“I have a lot of concerns about how Squadrons will wear over the long haul, but I'd be kidding you if I said I'm in a mood to be discriminating about a space combat sim. I'm not sure it's going to hold up the way some of the all-time greats like Freespace 2 or TIE Fighter do, but that's a loaded comparison. Those were entries in an established and flourishing genre, built for a PC audience for whom those games were mainstream. By some measures, it's been about 20 years since we had anything remotely like Squadrons, and if you felt their lack over all those years, I suspect you'll forgive Squadrons an awful lot.” (Rob Zacny, Vice)
Crash Bandicoot 4: It’s About Time
Positive: “Crash 4 is beautifully detailed, it features every gimmick and system and mechanic you can think of from the originals, and it's fun. Goofy, breezy, ebullient fun. There are little nods and cheeky easter eggs, a wealth of secrets, and apparently countless ways to play what is already, at least with three of its four new abilities, a very competent platformer.” (Chris Tapsell, Eurogamer)
Negative: “Getting through Crash 4’s most ‘difficult’ segments always felt more like a relief than an accomplishment. Rather than leaving a section thinking back on how fun or rewarding it was, or how much I liked the design, most areas just left me thankful that I’d never have to return.” (Austen Goslin, Polygon)
Three stories to read
Hundreds of thousands of people watched the presidential debate on Twitch: “As Mr. Trump and Mr. Biden spoke over each other, the webcammers chimed in with sometimes rude commentary. Their fans responded by tapping out messages in a live-chat scroll. Mizkif, who is Matthew Rinaudo and has 640,000 Twitch followers, professed to not know ‘anything about politics — I’m an idiot.’ His main analysis of Mr. Biden went like this: ‘Ugh, he’s so boring when he talks, though. He needs to talk like a YouTuber. Trump knows how to talk like a YouTuber.’” (Tiffany Hsu, The New York Times)
A short but potent essay on how battle royale and shooter games reflect the modern young person’s anxiety of helplessness. (Waverly, Paste)
Where’s the punk in Cyberpunk 2077? (Stacey Henley, PCGamesN)
Three videos to watch
A chance to see how big YouTubers approach games criticism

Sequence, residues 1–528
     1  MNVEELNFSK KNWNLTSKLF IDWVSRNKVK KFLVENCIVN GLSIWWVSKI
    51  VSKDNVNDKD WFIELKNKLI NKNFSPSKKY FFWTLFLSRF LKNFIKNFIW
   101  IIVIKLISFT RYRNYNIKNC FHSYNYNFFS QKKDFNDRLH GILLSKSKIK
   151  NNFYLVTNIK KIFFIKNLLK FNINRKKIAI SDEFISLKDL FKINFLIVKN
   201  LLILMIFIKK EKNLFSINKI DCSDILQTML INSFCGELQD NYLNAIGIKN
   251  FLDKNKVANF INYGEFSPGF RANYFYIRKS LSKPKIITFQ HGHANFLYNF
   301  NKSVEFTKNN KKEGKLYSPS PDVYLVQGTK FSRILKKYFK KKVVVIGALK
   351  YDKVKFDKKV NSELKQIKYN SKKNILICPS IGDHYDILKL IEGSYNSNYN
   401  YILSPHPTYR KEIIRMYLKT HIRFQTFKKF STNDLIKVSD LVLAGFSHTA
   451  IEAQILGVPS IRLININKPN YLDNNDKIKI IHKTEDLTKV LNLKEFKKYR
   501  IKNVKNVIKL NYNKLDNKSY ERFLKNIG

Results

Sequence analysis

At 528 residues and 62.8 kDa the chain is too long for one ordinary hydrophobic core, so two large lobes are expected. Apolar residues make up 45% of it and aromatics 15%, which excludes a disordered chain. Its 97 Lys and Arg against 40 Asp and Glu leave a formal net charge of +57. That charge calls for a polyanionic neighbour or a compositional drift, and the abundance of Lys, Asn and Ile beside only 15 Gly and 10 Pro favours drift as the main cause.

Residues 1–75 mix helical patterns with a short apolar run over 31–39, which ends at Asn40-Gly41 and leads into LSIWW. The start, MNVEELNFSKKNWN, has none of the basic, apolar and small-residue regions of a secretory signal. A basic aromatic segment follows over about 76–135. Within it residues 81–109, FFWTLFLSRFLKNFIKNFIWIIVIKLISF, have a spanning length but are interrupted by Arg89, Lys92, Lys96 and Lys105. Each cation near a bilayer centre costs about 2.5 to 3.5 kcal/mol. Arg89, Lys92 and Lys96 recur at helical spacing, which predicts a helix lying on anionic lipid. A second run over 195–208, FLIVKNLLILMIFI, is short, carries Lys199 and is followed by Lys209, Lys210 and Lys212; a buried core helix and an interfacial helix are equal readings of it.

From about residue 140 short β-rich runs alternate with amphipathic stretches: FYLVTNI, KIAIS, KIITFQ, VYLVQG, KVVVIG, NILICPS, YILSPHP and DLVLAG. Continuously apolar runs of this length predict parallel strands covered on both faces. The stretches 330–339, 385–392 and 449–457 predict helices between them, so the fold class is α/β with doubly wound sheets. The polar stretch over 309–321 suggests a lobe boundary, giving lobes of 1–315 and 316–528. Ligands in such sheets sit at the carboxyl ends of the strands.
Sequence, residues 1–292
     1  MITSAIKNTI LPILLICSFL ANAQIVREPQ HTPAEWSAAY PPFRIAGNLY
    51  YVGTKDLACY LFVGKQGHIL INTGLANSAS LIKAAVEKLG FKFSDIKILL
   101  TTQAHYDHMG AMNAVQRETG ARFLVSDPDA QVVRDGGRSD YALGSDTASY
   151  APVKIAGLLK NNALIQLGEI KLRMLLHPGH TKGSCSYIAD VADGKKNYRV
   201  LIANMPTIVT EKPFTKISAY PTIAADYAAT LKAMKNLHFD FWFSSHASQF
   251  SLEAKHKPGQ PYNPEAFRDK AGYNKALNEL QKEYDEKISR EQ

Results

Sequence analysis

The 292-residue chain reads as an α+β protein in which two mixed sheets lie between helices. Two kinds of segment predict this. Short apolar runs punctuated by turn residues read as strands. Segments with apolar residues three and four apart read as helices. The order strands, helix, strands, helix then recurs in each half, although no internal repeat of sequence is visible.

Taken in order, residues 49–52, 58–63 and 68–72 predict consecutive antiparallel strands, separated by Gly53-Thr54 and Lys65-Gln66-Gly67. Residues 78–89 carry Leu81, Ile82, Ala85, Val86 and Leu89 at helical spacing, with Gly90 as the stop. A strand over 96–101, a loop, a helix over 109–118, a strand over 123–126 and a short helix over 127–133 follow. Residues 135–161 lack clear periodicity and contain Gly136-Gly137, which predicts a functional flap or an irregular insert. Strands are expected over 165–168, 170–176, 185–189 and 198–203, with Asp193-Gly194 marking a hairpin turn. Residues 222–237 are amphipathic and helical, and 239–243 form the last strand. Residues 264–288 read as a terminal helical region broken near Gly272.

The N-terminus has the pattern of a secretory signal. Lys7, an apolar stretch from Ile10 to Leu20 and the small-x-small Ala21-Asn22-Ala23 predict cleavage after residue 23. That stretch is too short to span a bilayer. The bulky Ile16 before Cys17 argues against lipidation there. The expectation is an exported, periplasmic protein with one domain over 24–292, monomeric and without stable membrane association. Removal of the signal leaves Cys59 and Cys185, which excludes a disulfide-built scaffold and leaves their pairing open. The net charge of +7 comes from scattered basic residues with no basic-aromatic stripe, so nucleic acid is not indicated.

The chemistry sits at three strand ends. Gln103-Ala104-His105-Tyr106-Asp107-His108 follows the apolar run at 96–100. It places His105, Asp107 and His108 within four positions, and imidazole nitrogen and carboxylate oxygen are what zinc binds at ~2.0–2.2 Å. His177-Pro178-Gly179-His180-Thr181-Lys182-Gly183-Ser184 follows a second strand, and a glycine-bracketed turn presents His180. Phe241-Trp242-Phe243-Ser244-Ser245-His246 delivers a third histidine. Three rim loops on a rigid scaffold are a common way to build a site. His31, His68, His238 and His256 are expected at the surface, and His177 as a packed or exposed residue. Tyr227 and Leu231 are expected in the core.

A deep-dive into a handful of Xbox Series X features
It looks like the Tony Hawk devs snuck their kids’ drawings into the game
Yes, Hades really is as good as Twitter says
Patrick Klepeck is one of the biggest Spelunky fans in the games press, but he hasn’t played Spelunky 2 in weeks. Instead, Hades is owning the conversation in the ever-popular roguelike genre, and Klepeck has a couple of theories why. (Patrick Klepeck, Vice)
Hell, maybe Hades is the game of 2020. (Jay Castello, Rock Paper Shotgun)
Hell, maybes Hades is the game of 2020 about 2020. (Nathan Grayson, Kotaku)
Hell, maybe every moment not spent playing Hades is hell. (The Besties)
How the hell did Hades get here anyway? (Jay Castello, Eurogamer)
The best of the rest
35 thoughts on Super Mario Bros. on its 35th anniversary. (Stephen Totilo, The New York Times)
A sprawling, personal critique of The Last of Us 2. (GB ‘Doc’ Burford, Medium)
I love Peepo, the gentler Pepe. (Gita Jackson, Vice)
This TikTok phenomenon injected my soul with happiness. (Kate Lindsay, Influence.co)
Speaking of TikTok: the fall of a TikTok house. (Rebecca Jennings, Vox)
The perfect amount of research was performed to discover which Hollywood sex symbols actually have sex on screen. (Carrie Wittmer, The Ringer)
“A very specific thing I miss [during the pandemic] is also one of my favorite pastimes: going to the movies alone. Something about public solitude in a cavernous, underlit room puts my mind and social inhibitions at ease in a way I find difficult to describe.” (Lindsay Zoladz, The Cut)
The American Latino Experience: 20 Essential Films Since 2000 (Carlos Aquilar, The New York Times)
Sports are still good:“So can you just throw this up on social today? Make it go viral like that 1 video! No strategy, just do it.”
But what do you think?
Send links, tips, comments, questions, games, and Halloween entertainment recommendations to @plante.
That’s a wrap. See y’all next time. Wear a mask!